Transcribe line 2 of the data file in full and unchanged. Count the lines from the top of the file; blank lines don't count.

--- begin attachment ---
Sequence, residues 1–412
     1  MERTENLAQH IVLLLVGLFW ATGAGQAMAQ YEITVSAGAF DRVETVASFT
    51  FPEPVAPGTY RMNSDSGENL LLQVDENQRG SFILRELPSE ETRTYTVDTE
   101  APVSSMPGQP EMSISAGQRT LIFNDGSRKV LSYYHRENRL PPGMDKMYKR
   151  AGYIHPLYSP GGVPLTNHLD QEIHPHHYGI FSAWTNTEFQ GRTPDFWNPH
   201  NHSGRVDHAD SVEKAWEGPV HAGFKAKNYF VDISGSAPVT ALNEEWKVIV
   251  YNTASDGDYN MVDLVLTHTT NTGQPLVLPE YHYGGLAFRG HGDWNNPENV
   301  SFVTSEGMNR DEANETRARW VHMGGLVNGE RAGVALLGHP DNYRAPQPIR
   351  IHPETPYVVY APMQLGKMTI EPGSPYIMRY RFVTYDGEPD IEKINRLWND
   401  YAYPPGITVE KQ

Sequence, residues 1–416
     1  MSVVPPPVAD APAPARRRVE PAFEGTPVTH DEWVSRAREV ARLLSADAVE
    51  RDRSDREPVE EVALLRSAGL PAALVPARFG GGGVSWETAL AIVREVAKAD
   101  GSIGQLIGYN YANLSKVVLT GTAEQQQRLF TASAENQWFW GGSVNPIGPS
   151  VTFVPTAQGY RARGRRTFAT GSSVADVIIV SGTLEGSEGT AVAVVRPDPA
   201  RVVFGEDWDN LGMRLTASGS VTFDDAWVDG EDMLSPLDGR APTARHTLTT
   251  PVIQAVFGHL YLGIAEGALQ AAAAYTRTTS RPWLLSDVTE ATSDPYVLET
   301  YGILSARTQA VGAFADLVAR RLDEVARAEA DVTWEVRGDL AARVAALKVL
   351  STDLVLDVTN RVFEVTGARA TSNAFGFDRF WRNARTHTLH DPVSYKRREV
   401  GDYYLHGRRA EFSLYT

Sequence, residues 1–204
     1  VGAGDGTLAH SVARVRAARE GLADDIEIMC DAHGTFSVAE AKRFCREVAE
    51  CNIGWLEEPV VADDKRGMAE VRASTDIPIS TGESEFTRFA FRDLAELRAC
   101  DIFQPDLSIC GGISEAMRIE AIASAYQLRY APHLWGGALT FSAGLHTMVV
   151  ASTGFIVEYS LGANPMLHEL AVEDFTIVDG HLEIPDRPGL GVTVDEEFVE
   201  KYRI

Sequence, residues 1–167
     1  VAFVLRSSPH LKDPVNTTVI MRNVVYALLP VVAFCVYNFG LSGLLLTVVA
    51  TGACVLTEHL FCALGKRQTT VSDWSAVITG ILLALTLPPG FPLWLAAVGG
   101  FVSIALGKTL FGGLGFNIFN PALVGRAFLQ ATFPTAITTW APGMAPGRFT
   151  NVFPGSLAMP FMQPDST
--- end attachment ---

     1  MERTENLAQH IVLLLVGLFW ATGAGQAMAQ YEITVSAGAF DRVETVASFT